I am NOT saying there is NO discussion to be had about the way that Russian conspiratorial traditions were reflected in Lenin’s party. I am NOT saying there is no discussion to be had about the way that What Is To Be Done was, at a later point in history, used as the justification for building sects. But again you slur things together. This is NOT the same as the question about whether there is any need for socialists to consciously bring their ideas to bear on the workers’ movement. In the first paragraph of page 106, you yourself clearly imply that they do need to do so. This, to my mind, was the starting point of what Lenin was trying to do. Yes, in his party he had a fair share of conspiratorially-minded daredevils who had little to do with “living humanly”; J. Stalin is probably the example whose psychology we all know best. But instead of working through this history to show in what sense there was a development of Marx’s work and in what sense there was a negation of it, you lump all these things together.
6. A very good (or rather, bad) example of the muddle – in Chapter 3. “Ideas about ‘bringing socialist consciousness into the working class from outside’, ‘vanguard leadership’ etc, were the result [of not thinking hard enough about the Theses on Feuerbach]. We surely know today, and should have known before, that nobody can be forced to be free ... Moreover, how are those who ‘bring’ the ‘correct’ consciousness to the masses supposed to have got hold of it themselves” (p.72-73).
You clearly imply here that people who talk about working-class vanguards end up by “forcing people to be free” in some Orwellian nightmare. In a world where 90 per cent of books on the subject directly attribute responsibility for Stalinism to Leninism, this is just not good enough. Similarly, you declare: “It is easy to see what is NOT to be done. There have been too many attempts at ‘social engineering’ – people who know what is good for us trying to impose answers on us” (p.153). One hears this sort of statement at least once a week from some reactionary Russian politician, or American academic, with reference to the Russian revolution. And in a book where you talk about the Russian revolution at length, your reader will assume you are joining in the chorus. Why put yourself in this position? Do you think you are in a vacuum where there are no Russian politicians or American academics? I am afraid that you are not.
7. Marx and the Russians. I do not understand your point. Marx liked the narodniks just as he liked the Fenians – because he had a revolutionary soul. And so? He made some dismissive remarks about the Geneva group – but as you point out, he didn’t know much about who they were. For somebody who gives Lenin a very hard time for not going deeper in his struggle to transcend Plekhanov, you will yourself have to offer us more than this.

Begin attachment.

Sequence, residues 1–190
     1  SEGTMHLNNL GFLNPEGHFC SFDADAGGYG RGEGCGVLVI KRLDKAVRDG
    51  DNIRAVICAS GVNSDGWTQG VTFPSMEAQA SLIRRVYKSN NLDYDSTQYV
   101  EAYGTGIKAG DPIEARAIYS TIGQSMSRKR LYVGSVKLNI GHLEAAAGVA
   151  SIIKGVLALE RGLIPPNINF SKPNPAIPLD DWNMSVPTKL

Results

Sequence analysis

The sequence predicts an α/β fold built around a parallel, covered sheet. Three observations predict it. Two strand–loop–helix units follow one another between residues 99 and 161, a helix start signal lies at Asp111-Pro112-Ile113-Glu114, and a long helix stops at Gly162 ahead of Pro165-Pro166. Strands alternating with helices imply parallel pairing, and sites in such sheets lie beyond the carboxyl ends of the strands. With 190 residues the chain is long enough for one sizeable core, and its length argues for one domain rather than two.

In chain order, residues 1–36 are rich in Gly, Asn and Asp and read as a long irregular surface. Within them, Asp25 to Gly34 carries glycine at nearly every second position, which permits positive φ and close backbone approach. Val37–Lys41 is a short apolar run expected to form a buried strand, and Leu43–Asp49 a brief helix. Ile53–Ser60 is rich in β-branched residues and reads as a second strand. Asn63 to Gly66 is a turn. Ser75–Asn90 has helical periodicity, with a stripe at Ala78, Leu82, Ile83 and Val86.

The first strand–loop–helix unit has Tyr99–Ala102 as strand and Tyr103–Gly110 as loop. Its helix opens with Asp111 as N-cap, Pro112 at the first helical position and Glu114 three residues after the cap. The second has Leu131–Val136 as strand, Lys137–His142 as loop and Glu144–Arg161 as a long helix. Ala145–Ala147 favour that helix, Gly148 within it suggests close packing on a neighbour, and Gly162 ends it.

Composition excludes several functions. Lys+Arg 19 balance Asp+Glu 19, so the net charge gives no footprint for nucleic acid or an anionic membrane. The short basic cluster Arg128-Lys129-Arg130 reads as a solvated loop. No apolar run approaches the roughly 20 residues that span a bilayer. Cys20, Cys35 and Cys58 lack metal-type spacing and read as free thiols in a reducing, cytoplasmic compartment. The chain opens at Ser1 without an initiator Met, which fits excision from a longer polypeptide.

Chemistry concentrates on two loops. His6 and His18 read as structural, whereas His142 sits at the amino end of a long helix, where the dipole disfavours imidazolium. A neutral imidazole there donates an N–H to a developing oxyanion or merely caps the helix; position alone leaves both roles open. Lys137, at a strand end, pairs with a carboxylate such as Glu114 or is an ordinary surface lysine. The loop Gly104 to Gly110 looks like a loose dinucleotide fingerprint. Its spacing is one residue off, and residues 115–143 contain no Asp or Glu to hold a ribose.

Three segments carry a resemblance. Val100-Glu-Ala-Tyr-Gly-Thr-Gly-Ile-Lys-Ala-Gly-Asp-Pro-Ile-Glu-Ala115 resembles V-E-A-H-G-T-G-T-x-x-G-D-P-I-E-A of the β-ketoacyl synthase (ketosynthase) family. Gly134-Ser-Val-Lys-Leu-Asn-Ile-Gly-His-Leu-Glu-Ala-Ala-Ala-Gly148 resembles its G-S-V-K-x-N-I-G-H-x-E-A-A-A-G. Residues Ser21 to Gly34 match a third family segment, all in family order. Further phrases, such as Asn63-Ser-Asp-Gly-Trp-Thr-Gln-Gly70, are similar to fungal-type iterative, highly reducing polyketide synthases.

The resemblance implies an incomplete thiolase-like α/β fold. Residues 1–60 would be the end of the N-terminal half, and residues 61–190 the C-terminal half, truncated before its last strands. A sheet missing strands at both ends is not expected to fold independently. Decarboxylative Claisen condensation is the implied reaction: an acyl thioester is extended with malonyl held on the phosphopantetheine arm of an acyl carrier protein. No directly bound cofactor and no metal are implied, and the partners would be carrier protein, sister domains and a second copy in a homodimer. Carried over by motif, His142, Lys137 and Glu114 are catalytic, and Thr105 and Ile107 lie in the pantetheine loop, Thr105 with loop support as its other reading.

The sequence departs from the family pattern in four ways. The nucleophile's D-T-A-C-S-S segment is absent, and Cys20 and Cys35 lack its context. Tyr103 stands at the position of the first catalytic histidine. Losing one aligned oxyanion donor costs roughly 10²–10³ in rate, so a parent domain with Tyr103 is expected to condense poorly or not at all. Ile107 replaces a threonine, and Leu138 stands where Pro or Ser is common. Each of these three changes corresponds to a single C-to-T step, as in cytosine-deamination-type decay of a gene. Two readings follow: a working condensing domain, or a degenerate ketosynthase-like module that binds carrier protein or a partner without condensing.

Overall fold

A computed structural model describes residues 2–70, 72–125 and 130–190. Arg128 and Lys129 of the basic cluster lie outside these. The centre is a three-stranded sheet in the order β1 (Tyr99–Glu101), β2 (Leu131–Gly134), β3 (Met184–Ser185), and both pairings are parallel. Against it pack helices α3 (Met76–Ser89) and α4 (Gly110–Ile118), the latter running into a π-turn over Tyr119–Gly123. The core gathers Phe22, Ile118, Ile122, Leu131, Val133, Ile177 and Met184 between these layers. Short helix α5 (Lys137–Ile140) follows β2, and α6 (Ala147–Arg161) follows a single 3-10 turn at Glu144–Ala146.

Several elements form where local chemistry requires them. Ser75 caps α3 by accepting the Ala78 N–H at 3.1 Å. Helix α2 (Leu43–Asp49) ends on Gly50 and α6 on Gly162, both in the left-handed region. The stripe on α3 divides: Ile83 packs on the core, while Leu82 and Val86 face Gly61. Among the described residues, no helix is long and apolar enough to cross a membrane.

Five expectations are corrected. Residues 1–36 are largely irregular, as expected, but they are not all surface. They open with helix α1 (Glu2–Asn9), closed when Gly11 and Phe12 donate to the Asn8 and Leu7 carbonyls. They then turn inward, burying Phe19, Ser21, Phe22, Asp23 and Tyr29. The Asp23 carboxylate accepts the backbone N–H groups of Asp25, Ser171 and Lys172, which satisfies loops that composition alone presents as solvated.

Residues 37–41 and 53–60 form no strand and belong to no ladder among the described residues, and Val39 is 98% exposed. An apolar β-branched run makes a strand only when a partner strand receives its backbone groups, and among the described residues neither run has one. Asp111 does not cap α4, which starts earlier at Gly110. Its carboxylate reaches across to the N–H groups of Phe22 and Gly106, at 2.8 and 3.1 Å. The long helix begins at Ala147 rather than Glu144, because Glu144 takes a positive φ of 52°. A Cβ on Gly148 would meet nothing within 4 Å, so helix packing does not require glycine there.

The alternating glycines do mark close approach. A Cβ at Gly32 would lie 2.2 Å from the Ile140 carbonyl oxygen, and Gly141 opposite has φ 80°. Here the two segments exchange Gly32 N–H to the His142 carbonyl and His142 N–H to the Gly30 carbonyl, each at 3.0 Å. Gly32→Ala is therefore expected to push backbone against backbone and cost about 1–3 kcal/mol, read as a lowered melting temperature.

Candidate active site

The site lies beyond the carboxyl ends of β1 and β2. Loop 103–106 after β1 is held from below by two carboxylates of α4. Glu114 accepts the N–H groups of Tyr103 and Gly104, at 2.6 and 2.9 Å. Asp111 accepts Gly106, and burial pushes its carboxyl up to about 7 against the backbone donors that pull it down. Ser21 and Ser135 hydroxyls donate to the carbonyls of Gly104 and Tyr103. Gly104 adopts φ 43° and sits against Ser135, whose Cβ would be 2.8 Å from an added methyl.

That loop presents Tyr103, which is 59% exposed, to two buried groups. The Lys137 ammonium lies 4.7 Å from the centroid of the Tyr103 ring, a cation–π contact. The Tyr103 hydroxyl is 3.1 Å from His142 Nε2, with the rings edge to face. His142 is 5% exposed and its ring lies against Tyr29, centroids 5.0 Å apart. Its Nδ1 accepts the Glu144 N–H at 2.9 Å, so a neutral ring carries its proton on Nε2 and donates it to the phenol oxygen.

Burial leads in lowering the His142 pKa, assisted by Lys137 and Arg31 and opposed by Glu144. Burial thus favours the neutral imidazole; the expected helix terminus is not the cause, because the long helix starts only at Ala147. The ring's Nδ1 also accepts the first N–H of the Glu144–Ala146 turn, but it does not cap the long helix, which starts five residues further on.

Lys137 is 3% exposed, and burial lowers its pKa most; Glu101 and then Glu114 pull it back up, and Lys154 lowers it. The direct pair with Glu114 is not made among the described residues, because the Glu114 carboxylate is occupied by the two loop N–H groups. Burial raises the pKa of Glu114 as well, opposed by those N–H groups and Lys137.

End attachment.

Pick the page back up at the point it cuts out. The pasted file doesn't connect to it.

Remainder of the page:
Incidentally, the picture is incomplete without some mention of Chernyshevsky and how his work related to that of Marx.
There are other things I would like to say about Chapter 4. I hope you go further against “AI” and sociobiology; what you have written is a good start. I do not agree with the point you make about “theory”; you seem to ignore the fact that many many Marxists use the word in a much wider, and a much more sophisticated sense, than the very narrow sense which you specify for it.
All the best,
27 February, 1998
When you wrote me that letter from Petrozavodsk, getting on for two years ago, I’m afraid I just couldn’t be bothered to answer. The gulf between us seemed unbridgeable. This was wrong of me. So when we had that exchange at the International Socialist Forum meeting recently, I realised that I ought to make amends. It is clear that the issues are still not resolved, although, perhaps we might have grown up enough now to begin to tackle them. After all, it is only twelve-and-a-half years since the Healy explosion illuminated all of our experience in that group, and only now are we beginning to be able to grasp some of the implications of our chief discovery at that time: the struggle for communism has itself to be communist.
Let’s begin with your suggestion that I regard the new ground broken by the Bolsheviks in 1917-21 as “not worthy of study.” There, you are certainly quite wrong. However, what I do think is that, in order to carry out this important study, we must separate two aspects of “Marxism.” On the one hand, we have the history of centuries of working class struggle, which was taken to new levels, first by Marx, and then by the experiences of the Revolution and the Civil War. On the other hand, there is the body of ideas elaborated by the Marxists in the course of their efforts to comprehend that history.
Our argument, which has gone on for a long time, always seems to go like this. I say: “Lenin’s Materialism and Empirio-Criticism is a rotten book” and you declare: “the call for ‘all power to the soviets’ was ... THE answer to Kautsky and Plekhanov.” I attack the formulations of What is to be done? and you tell me that the Bolsheviks were not a sect. I say: “The concept ‘workers’ state’ contradicts Marx’s notion of the communist revolution” and you answer: “Lenin’s insights on this question, which Trotsky tried to develop in Revolution Betrayed, OPENED the path to an understanding.” Obviously, we are not talking about the same things.